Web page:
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CosmicPal
10-19-2006, 03:15 PM
NOTE: This article is intended to be a light-hearted reflection on the Chief's past. It is not to be taken seriously, and I only wrote this to honor upcoming Halloween. Please enjoy.

There is no denying that the northwestern part of Missouri and it’s surrounding areas, is considered by many to be one of the most haunted areas of the country. Eastern Jackson County has long been thought of as one of the strangest parts of the country in regards to ghosts, legends and strange happenings. This part of the country, which was originally a gateway to the west, was regarded by the Native Americans as a “haunted” spot, plagued with ghost lights, phantoms and strange creatures. Eastern Jackson County, just east from Kansas City, has more than its share of ghosts and nearby is Olathe, Kansas, home to the most haunted city in the entire state.

But how did this region gain such a reputation? Why are many people not surprised to find stories of the Chief Sunflower Curse, phantom inhabitants and mysterious creatures roaming this part of the country? There have been a number of theories to explain the large number of haunted happenings here, including that this area may be some sort of “window” between dimensions. This would, according to the theories, allow paranormal phenomenon to come and go and vanish at will, just as the Chief Sunflower Curse did after 13 months from the time it was erected in the Truman Sports Complex.

Those researchers with a historical bent have offered their own solutions though. They have traced the supernatural roots of the region back to a bloody event from the days of the Civil War and a great curse.
As the American frontiersmen began to move west in the 1800’s, several nations of Indians formed a powerful confederacy to keep the white men from infringing on their territory. The Shawnee were the most powerful of the tribes and were led by a feared and respected chieftain called “Keigh-sugh-gua”, which translates to mean “Sunflower”. In 1864, when the white settlers were moving down into the Missouri valleys, the Indian Confederacy prepared to protect their lands by any means necessary. The nations began to mass in a rough line across the point from the Missouri River to the Kansas River, numbering about 1200 warriors. They began to make preparations to attack the white settlers near an area called Independence on the Missouri side.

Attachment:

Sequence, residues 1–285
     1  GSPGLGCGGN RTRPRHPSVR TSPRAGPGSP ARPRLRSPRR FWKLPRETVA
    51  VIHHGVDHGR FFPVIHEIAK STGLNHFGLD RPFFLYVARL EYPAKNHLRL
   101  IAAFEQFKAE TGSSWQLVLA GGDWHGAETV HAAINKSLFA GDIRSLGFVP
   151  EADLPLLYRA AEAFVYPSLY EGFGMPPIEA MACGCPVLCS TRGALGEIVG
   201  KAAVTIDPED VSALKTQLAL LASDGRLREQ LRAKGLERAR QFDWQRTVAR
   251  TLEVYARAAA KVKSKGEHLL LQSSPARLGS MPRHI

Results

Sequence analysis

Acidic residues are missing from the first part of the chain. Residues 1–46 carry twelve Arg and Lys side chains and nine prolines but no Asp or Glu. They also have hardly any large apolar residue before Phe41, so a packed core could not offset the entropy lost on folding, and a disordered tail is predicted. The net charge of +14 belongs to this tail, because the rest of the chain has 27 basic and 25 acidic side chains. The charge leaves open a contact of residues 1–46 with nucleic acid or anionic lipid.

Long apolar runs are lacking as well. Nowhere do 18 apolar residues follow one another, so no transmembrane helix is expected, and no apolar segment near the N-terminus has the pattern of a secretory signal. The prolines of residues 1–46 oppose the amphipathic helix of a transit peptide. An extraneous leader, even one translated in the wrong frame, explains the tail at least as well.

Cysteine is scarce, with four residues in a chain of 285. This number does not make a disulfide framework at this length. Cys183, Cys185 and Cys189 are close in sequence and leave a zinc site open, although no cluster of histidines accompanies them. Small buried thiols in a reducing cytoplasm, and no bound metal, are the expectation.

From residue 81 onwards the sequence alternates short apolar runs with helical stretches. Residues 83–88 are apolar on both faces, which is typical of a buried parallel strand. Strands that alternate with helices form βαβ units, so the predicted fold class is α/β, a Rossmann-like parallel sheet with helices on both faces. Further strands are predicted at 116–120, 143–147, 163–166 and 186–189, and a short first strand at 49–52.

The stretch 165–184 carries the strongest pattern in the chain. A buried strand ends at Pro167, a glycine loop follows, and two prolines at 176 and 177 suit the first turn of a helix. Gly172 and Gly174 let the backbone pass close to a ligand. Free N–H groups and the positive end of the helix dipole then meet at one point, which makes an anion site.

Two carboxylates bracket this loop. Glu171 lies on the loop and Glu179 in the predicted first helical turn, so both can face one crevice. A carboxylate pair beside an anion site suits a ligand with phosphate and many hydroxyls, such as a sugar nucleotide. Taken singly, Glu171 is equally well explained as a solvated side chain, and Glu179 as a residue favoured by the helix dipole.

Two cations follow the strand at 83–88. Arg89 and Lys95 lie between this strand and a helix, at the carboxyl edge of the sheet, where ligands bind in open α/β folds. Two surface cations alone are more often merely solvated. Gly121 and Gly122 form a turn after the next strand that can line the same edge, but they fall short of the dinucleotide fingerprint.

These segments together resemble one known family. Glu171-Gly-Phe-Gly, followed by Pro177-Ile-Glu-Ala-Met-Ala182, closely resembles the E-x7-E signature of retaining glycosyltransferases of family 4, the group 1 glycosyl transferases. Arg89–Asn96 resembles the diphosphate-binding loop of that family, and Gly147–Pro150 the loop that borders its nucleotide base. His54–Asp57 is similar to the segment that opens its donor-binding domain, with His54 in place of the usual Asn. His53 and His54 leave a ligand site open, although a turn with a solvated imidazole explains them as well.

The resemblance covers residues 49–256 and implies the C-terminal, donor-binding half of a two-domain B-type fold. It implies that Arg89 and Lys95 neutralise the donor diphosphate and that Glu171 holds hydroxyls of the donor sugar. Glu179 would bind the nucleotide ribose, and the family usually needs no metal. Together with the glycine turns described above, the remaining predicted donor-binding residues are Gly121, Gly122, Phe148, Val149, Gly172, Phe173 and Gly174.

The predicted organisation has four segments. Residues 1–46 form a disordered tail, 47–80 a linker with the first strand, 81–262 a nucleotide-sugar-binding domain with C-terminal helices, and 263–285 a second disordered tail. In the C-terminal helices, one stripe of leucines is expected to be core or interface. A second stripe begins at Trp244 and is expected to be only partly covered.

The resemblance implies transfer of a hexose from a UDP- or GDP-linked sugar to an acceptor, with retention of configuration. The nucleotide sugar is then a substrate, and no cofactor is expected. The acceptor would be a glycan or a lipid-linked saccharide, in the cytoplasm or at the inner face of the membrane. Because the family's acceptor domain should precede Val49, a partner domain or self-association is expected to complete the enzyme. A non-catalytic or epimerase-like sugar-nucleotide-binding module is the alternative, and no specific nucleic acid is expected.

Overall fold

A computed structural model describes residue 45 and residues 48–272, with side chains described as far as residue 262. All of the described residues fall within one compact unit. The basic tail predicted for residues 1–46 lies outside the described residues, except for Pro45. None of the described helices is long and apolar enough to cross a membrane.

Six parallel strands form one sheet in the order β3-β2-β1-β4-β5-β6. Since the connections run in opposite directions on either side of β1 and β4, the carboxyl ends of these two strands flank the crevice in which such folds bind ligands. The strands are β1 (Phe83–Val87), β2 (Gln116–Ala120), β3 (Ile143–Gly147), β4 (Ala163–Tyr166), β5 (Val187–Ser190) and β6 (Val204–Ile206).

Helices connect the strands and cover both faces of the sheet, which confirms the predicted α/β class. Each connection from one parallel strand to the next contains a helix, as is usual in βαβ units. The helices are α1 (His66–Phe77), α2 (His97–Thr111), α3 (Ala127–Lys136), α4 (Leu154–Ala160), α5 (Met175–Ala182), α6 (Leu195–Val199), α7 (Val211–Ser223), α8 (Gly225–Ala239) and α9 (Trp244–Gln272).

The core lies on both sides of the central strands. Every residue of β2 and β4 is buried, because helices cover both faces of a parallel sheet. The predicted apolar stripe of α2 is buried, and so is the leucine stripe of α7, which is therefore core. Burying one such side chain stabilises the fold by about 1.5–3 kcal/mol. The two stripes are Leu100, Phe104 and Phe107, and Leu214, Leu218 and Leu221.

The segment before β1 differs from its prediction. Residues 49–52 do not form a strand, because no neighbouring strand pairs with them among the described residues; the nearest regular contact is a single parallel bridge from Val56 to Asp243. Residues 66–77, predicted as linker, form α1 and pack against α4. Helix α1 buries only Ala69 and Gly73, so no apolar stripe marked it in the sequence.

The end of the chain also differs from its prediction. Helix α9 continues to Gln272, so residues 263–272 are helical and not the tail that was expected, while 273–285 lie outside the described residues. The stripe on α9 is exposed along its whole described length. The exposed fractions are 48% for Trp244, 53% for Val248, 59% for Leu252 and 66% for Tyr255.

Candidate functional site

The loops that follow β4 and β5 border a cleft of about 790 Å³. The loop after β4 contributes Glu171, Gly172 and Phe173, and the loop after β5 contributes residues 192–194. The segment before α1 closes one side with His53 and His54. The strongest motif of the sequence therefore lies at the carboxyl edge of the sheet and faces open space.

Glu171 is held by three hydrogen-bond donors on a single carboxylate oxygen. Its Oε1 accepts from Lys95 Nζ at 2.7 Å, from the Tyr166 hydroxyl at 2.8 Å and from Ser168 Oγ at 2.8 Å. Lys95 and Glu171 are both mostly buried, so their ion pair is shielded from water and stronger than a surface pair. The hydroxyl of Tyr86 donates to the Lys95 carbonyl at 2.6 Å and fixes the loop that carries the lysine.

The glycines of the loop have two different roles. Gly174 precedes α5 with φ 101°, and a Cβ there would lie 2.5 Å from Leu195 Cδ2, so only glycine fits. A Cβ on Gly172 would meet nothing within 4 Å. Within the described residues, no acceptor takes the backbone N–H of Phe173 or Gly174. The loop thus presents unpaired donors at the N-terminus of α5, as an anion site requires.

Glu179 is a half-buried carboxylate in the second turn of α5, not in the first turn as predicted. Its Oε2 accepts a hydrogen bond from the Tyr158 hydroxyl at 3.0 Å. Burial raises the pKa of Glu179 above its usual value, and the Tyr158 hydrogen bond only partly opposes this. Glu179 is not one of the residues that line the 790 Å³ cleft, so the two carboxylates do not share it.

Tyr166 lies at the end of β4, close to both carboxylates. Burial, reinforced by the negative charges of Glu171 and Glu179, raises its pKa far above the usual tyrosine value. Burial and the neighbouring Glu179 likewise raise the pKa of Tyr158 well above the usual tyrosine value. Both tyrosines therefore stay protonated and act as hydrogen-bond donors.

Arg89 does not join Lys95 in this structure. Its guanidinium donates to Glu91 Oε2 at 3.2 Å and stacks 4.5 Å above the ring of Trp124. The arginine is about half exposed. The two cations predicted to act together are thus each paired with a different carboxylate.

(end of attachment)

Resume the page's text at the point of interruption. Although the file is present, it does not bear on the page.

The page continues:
As word reached the colonial military leaders of the impending attack, troops were sent in and faced off against the Indians. While the numbers of fighters were fairly even on both sides, the Native Americans were no match for the guns of the white soldiers. The battle ended with about 140 colonials killed and more than twice that number of Indians. The tribes retreated westward into the wilds of what is now the Ozarks and in order to keep them from returning, a fort was constructed at the junction of the Missouri and Kansas Rivers.

As time passed, the Shawnee leader, Sunflower, made peace with the white men. He would carry word to his new friends in 1864 when the Southern troops began coaxing the Indians into attacking the North. Soon, the tribes again began massing along the Missouri River, intent on attacking the fort. Sunflower and Red Hawk, an Iowan chief, had no taste for war with the North and they went to the fort on November 7 to try and negotiate a peace before fighting began. Sunflower told Captain Smellway, who commanded the garrison, that he was opposed to war with the North but that only he and his tribe were holding back from joining on the side of the South. He was afraid that he would be forced to go along by the rest of the Southern troops.

When he admitted to Smellway that he would allow his men to fight if the other tribes did, Sunflower, Red Hawk and another Indian were taken as hostages. The North believed that they could use him to keep the other tribes from attacking. They forced the Native Americans into a standoff for none of them wanted to risk the life of their leader.

Sunflower’s name not only stuck fear into hearts of the white settlers up and down the frontier, but it also garnered respect from the other Indian tribes. He was gifted with great oratory skills, fighting ability and military genius. In fact, it was said that when his fighting tactics were adopted by the Americans, they were able to defeat the North in a number of battles where they had been both outnumbered and outgunned.
Although taken as hostage, Sunflower and the other Indians were treated well and were given comfortable quarters, leading many to wonder if the chief’s hostage status may have been voluntary in the beginning. Sunflower even assisted his captors in plotting maps of the Missouri River Valley during his imprisonment. On November 9, Sunflower’s son, White Rain, came to the fort to see his father and he was also detained.